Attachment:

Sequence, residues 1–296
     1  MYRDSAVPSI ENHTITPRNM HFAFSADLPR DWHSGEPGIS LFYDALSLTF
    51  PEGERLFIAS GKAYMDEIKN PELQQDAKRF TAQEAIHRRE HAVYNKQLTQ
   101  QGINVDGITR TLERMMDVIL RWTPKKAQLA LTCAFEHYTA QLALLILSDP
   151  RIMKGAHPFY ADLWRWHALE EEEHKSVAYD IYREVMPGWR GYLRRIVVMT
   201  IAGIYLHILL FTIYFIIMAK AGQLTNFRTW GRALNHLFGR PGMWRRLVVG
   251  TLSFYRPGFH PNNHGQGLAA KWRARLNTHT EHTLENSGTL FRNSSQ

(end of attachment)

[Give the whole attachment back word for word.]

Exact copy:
Sequence, residues 1–296
     1  MYRDSAVPSI ENHTITPRNM HFAFSADLPR DWHSGEPGIS LFYDALSLTF
    51  PEGERLFIAS GKAYMDEIKN PELQQDAKRF TAQEAIHRRE HAVYNKQLTQ
   101  QGINVDGITR TLERMMDVIL RWTPKKAQLA LTCAFEHYTA QLALLILSDP
   151  RIMKGAHPFY ADLWRWHALE EEEHKSVAYD IYREVMPGWR GYLRRIVVMT
   201  IAGIYLHILL FTIYFIIMAK AGQLTNFRTW GRALNHLFGR PGMWRRLVVG
   251  TLSFYRPGFH PNNHGQGLAA KWRARLNTHT EHTLENSGTL FRNSSQ